The latter statement implies that the electron has reached its apogee and is turning back in the direction of the nucleus, again suggesting a classical trajectory. However, a serious difficulty emerges if one associates the calculated r0 values with atomic size. The r0 values in Table 1 of Bills’ paper are significantly larger than the literature values for the atomic radii for the chemically active elements, while for the inert gases they are significantly smaller than the literature values for the atomic radii. (4) This doesn’t make physical sense.

    Bills’ r0 is physically meaningless because his model violates the basic quantum mechanical principles that govern the nanoscopic world of atoms and molecules. This is easily seen by looking at the ionization process in terms of two fundamental physical principles which hold both classically and quantum mechanically: They are energy conservation

    \[\Delta E=\Delta T+\Delta V\]

    and the virial theorem

    \[\Delta E=\frac{\Delta V}{2}=-\Delta T.\]

    Under Bills’ model with \(\Delta T=0\) the first equation says that \(\Delta E=\Delta V\), while the second equation says \(\Delta E=\frac{\Delta V}{2}=-\Delta T=0\)!

    Bills’ model also violates the uncertainty principle. If the position of the electron is precisely known, the uncertainty in momentum and therefore kinetic energy must be infinitely large. In other words, an electron cannot have a well-defined position (r0) at the same time it has a precise value for kinetic energy (zero). In addition, since he takes a classical view of electronic behavior in the atom Bills is left with the challenging problem of assigning meaning to the negative kinetic energies that result for values of r greater than r0 (see Bills’ Figure 1).

    A quantum mechanically correct description of the behavior of electrons in atoms and molecules has been provided by Harris (5):

    Electrons are characterized by their entire distributions (called wavefunctions or orbitals) rather than by instantaneous positions and velocities: an electron may be considered always to be (with appropriate probability) at all points of its distribution (which does not vary with time).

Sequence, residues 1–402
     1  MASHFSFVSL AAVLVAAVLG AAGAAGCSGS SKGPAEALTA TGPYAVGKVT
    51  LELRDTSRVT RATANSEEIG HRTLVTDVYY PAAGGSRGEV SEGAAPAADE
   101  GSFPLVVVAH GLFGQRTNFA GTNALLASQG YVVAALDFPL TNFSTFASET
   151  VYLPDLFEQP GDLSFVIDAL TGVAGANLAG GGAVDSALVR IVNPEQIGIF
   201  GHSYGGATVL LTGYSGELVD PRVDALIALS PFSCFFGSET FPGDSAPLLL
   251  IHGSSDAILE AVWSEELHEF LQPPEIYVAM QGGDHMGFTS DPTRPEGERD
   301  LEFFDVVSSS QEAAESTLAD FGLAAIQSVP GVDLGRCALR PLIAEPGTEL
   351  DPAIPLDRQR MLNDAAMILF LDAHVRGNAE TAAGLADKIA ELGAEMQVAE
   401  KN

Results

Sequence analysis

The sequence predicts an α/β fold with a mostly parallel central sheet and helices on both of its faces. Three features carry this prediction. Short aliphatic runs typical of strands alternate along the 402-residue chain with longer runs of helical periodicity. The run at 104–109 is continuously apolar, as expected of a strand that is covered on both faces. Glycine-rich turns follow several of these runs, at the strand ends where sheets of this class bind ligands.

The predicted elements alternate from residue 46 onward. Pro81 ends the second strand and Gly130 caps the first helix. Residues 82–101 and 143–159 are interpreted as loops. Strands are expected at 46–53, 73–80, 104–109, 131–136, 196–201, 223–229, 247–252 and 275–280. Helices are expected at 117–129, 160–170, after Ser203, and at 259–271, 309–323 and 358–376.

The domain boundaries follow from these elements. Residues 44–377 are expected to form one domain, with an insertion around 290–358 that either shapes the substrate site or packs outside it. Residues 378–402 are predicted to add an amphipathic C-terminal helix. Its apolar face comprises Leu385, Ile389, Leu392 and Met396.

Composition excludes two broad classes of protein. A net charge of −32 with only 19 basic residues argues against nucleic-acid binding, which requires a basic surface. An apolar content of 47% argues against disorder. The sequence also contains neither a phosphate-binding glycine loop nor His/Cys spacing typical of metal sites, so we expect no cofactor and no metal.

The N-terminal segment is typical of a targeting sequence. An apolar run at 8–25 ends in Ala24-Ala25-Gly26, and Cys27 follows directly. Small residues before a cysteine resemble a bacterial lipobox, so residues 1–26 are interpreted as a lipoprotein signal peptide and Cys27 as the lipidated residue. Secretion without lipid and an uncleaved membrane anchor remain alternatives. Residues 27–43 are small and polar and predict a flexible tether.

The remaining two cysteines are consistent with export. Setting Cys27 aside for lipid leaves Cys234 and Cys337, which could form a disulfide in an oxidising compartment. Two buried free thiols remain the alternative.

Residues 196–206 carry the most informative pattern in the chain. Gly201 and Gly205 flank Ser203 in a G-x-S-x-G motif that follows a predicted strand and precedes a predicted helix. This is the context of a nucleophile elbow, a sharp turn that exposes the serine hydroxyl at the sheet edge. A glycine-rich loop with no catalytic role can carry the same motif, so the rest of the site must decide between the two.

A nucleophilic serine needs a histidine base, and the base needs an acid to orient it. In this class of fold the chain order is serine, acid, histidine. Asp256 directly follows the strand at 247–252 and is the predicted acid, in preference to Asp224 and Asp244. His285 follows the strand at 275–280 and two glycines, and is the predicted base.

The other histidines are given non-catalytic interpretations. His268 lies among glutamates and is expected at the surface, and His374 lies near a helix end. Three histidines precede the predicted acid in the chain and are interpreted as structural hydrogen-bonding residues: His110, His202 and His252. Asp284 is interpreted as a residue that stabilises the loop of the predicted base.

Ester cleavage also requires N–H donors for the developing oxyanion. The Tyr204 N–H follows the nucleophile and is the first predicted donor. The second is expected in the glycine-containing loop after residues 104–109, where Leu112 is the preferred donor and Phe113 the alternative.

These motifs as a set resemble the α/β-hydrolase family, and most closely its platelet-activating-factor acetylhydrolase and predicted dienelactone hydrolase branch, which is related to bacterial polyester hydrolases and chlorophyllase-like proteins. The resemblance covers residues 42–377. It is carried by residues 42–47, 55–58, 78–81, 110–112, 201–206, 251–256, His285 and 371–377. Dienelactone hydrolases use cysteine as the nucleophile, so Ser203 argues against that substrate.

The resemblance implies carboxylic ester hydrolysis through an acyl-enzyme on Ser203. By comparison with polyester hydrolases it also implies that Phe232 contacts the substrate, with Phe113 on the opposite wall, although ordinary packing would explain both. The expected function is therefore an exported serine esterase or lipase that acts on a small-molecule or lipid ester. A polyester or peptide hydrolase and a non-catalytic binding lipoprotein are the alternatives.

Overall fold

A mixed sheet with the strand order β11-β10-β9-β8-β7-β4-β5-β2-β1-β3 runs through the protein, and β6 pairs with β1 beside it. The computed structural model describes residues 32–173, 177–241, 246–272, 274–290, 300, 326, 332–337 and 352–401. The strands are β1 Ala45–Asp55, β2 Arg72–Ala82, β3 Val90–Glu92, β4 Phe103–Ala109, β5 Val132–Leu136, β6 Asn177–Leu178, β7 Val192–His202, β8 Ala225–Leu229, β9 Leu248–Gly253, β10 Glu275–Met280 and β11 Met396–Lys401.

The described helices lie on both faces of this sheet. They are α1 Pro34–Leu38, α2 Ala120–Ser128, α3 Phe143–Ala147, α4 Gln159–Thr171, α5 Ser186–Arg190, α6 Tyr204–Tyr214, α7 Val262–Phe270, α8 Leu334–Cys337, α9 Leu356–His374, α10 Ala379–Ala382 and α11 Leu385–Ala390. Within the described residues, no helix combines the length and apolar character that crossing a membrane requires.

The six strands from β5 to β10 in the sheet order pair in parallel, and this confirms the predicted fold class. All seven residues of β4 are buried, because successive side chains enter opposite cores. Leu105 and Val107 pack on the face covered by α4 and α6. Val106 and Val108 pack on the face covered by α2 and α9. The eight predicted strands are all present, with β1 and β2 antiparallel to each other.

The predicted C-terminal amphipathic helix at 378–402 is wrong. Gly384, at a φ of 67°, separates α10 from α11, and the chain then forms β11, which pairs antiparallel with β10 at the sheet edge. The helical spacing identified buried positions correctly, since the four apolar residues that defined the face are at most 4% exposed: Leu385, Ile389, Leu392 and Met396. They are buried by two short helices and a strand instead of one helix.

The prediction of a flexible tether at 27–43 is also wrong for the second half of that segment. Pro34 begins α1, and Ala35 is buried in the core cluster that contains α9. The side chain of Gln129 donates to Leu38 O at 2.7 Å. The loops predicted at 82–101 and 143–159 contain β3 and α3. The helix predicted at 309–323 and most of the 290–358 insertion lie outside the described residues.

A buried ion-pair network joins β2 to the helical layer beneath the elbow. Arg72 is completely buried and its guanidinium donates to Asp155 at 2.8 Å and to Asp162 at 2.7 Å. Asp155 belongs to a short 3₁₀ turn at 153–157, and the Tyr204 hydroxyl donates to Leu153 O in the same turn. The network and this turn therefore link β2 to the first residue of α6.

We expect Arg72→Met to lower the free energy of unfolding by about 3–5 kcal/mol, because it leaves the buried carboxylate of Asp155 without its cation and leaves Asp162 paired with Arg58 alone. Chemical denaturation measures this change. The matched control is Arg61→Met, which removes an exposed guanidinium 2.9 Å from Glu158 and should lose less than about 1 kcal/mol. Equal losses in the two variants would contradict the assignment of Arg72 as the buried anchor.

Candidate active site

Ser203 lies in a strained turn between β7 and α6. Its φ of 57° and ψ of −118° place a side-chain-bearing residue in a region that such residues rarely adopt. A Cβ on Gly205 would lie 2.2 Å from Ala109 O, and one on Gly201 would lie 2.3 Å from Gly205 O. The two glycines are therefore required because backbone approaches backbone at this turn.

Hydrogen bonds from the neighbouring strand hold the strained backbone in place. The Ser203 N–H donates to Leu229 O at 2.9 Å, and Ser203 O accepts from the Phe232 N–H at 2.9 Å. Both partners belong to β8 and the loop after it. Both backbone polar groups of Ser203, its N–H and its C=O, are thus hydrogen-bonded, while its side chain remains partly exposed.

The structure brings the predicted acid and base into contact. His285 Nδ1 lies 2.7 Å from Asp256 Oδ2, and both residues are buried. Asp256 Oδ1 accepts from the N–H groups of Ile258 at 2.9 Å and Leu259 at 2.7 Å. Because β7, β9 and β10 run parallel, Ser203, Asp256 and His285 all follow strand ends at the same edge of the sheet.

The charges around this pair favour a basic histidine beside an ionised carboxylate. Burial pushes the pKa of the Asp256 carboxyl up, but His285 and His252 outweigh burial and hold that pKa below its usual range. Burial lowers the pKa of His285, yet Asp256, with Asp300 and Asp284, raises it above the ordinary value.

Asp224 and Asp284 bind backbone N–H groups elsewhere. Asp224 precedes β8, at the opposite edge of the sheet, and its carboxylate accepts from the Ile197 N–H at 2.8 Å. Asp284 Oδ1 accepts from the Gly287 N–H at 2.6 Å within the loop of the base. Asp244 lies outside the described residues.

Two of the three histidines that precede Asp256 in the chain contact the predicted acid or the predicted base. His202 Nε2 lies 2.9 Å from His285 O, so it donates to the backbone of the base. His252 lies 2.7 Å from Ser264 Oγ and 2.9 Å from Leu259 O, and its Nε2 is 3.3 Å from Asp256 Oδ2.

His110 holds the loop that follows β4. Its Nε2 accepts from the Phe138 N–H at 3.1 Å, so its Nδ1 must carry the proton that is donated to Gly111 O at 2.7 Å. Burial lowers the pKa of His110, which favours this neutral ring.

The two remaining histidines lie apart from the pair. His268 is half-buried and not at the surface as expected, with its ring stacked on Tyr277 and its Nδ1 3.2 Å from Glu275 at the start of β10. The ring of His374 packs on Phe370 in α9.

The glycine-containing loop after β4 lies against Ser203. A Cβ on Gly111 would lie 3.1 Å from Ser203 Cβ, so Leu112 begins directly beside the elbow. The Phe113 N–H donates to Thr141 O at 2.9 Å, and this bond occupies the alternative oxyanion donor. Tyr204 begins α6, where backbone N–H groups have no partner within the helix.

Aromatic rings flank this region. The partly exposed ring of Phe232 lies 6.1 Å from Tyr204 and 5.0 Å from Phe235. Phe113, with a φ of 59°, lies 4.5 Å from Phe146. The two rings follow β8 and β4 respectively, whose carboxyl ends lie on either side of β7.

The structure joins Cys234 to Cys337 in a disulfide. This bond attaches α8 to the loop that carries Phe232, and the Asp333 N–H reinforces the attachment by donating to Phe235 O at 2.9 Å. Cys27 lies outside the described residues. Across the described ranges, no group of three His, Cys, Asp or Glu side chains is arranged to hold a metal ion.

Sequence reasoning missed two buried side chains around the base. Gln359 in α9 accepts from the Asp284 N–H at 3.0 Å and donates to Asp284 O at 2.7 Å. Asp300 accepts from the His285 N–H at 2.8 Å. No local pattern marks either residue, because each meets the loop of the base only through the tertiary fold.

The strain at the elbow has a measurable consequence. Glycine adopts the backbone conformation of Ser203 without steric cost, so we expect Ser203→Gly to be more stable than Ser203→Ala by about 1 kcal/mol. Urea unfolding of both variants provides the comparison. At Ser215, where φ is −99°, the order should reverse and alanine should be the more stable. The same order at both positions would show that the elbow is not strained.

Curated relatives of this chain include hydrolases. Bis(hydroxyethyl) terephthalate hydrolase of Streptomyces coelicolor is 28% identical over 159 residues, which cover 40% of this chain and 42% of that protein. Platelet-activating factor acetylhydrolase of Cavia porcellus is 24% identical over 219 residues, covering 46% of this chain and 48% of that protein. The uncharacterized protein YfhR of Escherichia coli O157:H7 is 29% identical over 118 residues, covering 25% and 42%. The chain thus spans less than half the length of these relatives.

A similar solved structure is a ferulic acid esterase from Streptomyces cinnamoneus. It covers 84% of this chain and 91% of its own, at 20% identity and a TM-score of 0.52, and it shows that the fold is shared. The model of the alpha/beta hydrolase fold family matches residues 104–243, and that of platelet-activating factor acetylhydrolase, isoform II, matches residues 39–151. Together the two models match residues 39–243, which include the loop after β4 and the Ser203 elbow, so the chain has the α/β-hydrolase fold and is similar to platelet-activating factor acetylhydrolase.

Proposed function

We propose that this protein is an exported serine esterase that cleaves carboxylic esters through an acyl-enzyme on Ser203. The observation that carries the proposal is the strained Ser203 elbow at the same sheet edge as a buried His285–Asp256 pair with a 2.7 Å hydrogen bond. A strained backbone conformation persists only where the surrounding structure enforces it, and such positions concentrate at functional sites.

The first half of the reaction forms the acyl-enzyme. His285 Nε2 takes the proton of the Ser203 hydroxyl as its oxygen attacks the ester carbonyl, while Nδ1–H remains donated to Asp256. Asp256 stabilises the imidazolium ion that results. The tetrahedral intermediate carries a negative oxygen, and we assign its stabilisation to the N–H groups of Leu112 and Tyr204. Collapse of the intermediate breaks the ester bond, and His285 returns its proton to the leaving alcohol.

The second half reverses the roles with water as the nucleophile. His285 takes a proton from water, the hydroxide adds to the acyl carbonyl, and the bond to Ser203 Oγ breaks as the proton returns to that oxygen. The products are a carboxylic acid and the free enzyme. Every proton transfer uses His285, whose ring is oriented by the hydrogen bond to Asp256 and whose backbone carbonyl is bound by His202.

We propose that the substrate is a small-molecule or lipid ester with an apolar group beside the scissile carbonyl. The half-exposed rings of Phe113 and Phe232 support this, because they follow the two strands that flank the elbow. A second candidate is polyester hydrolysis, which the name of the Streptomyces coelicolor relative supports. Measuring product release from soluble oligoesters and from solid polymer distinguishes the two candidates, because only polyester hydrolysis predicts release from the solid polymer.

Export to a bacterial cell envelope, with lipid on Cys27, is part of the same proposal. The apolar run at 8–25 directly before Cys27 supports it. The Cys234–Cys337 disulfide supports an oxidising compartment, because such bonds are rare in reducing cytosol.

“There is no space-time inside the atom,” is Heisenberg’s succinct summary of the electron’s behavior in the atom. Pascal Jordan provided further insight by stating that we measure the position of the electron, not to find out where it is, but to cause it to be somewhere.

    In exploring the message of quantum theory Anton Zeilinger recently wrote (6):

    It is not just that we are unable to measure two complementary quantities of a particle, such as position and momentum, at the same time. Rather the assumption that a particle possesses both position and momentum, before the measurement is made, is wrong.

    Thus it is impossible, within the quantum mechanical view, to assign a classical trajectory to an electron confined in an atom or molecule. In fact, assigning such a trajectory to an electron calls into question the stability of matter because an orbiting electron would continuously radiate energy and (according to classical physics) collapse into the nucleus. Bohr famously remarked that the stability of matter is “a pure miracle when considered from the standpoint of classical physics.”

    In summary, classical concepts fail at the atomic and molecular level because they cannot account for the stability and internal electronic structure of atoms and molecules, nor the interaction of matter with electromagnetic radiation. This has been known for more than a century. It is well beyond time to abandon classical models of the nano-world and teach our students atomic and molecular structure from the quantum mechanical perspective. Richard Feynman made this point forcibly in his inimitable colloquial style when he said, (7)

    And I’m not happy with all the analyses that go with just the classical theory, because nature isn’t classical, dammit, and if you want to make a simulation of nature, you’d better make it quantum mechanical…

    Literature Cited

    1. Bills, J. J. Chem. Educ. 2006, 83, 473-476.
    2. Slater, J. C. Quantum Theory of Atomic Structure; McGraw-Hill: New York, 1960; Vol. 1.
    3. Baggott, J. E. Beyond Measure: Modern Physics, Philosophy, and the Meaning of Quantum Theory; Oxford University Press: New York, 2004.
    4. Emsley, J. The Elements, 3rd ed.; Clarendon Press: Oxford, 1998.
    5. Harris, F. E. “Molecules,” Encyclopedia of Physics, 2nd ed.; Lerner, R. G.; Trigg, G. L. Ed.; VCH Publishers, Inc.: New York, 1990; p 763.
    6. Zeilinger, A. Nature, 2005, 438, 743.
    7. Feynman, R. P. International Journal of Physics, 1982, 21, 486.